‘Legal Theory Lexicon: Deontology’

“A prior Legal Theory Lexicon post explored utilitarianism, an approach to normative moral theory that has had an enormous influence on legal thought. This week, I take up one of utilitarianism’s main rivals, deonotology. Deontological moral theories vary in myriad ways, but the focal point for deontology is the concept of duty with its correlative notions of rights and permission. Thus, the distinctive thesis of deontology in general might be formulated as the claim that the rightness of action is a function of whether the action is required, prohibited, or permitted by a moral rule. This is, of course, a simple formulation, and contemporary philosophical theories in the deontological tradition offer more sophisticated and nuanced formulations …” (more)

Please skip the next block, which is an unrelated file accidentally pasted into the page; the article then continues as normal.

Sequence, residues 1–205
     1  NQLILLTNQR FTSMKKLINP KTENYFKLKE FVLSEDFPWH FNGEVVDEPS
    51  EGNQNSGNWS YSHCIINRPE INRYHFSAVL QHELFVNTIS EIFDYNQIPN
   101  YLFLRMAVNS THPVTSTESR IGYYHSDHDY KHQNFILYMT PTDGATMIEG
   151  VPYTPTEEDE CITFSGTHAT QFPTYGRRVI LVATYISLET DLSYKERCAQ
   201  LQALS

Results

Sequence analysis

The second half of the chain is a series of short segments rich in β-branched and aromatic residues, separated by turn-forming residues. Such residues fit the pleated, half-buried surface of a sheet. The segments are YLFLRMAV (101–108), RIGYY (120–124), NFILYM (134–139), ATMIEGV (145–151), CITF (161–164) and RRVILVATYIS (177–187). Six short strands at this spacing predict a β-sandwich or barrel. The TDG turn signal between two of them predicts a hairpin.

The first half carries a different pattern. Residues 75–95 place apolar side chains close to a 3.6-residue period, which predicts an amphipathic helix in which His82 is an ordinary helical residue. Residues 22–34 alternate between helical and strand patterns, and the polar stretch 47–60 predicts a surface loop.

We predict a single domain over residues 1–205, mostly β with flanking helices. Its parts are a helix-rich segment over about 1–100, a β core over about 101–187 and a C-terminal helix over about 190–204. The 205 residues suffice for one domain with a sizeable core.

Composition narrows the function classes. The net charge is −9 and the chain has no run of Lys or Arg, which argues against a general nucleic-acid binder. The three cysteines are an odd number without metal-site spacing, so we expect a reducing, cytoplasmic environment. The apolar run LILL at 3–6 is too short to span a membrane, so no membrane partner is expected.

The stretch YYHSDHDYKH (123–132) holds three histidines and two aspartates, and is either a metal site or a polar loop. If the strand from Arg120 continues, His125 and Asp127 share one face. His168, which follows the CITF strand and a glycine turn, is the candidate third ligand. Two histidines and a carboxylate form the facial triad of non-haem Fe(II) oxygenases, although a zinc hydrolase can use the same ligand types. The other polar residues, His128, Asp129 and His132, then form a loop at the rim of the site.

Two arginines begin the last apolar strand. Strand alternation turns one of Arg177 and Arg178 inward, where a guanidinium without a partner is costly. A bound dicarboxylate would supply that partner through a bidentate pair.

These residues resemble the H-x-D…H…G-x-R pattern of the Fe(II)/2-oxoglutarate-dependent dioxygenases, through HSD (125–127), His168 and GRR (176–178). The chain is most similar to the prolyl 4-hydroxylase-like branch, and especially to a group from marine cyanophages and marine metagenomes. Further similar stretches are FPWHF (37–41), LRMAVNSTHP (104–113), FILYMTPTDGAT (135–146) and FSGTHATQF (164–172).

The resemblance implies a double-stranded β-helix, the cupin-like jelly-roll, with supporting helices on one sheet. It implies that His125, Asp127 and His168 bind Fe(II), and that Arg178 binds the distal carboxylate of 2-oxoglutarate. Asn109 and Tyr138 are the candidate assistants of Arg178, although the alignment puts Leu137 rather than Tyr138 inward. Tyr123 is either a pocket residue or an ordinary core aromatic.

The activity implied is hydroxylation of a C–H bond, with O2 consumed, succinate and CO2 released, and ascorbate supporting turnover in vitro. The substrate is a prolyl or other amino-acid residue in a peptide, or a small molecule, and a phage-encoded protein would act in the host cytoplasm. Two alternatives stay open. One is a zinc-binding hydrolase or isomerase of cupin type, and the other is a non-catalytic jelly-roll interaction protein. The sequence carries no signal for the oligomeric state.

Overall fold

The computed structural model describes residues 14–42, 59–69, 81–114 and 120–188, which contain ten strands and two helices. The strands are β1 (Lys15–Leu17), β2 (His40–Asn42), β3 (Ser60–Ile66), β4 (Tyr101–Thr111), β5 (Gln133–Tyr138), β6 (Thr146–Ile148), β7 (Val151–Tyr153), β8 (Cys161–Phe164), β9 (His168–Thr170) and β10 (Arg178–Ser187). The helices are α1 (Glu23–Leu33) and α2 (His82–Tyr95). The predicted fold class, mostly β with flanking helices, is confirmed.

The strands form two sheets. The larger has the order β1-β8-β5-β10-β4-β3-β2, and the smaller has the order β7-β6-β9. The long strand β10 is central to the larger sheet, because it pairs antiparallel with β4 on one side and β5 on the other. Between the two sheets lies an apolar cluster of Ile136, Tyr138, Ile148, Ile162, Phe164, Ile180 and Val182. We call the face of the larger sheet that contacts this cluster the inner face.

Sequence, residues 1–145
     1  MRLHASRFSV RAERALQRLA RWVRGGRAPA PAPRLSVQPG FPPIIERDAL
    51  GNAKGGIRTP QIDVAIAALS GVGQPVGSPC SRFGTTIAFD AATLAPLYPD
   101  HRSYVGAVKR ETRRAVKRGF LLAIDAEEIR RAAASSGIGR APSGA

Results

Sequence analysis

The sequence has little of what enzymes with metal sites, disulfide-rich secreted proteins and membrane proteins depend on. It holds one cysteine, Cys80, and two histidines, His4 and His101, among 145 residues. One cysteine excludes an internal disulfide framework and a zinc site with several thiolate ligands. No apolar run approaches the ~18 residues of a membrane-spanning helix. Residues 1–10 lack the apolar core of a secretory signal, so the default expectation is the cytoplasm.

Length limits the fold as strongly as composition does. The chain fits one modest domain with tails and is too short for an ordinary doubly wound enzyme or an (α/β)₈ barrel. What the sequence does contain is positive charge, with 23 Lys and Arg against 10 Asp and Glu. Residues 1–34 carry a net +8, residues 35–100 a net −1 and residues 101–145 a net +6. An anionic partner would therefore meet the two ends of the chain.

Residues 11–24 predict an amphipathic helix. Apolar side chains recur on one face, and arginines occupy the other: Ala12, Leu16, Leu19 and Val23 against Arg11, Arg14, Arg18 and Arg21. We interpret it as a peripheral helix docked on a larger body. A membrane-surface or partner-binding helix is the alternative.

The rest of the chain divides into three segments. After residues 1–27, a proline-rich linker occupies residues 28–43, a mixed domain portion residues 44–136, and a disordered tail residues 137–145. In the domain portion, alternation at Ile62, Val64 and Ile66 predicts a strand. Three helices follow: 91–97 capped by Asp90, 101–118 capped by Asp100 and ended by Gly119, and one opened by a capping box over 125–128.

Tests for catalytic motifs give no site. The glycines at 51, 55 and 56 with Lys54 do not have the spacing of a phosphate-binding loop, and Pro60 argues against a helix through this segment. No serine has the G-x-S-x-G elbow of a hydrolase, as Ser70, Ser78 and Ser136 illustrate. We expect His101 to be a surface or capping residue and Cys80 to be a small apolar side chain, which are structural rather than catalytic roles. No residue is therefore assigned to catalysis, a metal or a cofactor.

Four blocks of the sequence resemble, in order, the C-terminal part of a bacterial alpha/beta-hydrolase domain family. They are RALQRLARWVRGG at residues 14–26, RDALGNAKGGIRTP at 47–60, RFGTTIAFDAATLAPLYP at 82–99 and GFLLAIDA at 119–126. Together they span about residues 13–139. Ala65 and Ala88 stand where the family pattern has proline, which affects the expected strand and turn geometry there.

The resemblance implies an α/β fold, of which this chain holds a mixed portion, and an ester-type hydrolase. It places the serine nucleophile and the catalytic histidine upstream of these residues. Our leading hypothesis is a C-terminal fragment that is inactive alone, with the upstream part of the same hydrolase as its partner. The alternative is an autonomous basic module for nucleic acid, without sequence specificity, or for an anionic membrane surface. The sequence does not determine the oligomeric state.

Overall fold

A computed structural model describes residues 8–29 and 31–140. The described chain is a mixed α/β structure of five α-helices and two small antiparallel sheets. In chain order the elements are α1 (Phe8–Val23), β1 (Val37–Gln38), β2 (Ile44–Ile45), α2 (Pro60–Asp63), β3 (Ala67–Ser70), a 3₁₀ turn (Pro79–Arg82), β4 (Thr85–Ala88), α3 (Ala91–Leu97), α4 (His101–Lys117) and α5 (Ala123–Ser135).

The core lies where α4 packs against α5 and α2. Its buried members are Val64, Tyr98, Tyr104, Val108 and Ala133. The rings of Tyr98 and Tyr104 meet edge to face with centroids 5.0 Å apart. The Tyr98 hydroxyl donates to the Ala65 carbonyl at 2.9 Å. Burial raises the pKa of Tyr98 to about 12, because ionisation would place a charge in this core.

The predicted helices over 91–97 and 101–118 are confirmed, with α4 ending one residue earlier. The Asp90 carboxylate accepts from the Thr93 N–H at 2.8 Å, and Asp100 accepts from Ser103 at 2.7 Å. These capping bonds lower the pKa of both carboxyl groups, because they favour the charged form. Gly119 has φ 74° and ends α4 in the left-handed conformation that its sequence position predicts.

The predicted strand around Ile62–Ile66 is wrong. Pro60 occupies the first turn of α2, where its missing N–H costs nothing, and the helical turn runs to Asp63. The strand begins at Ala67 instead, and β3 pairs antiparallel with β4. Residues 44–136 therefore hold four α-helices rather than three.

[Lawrence Solum, Legal Theory Blog, 9 June]

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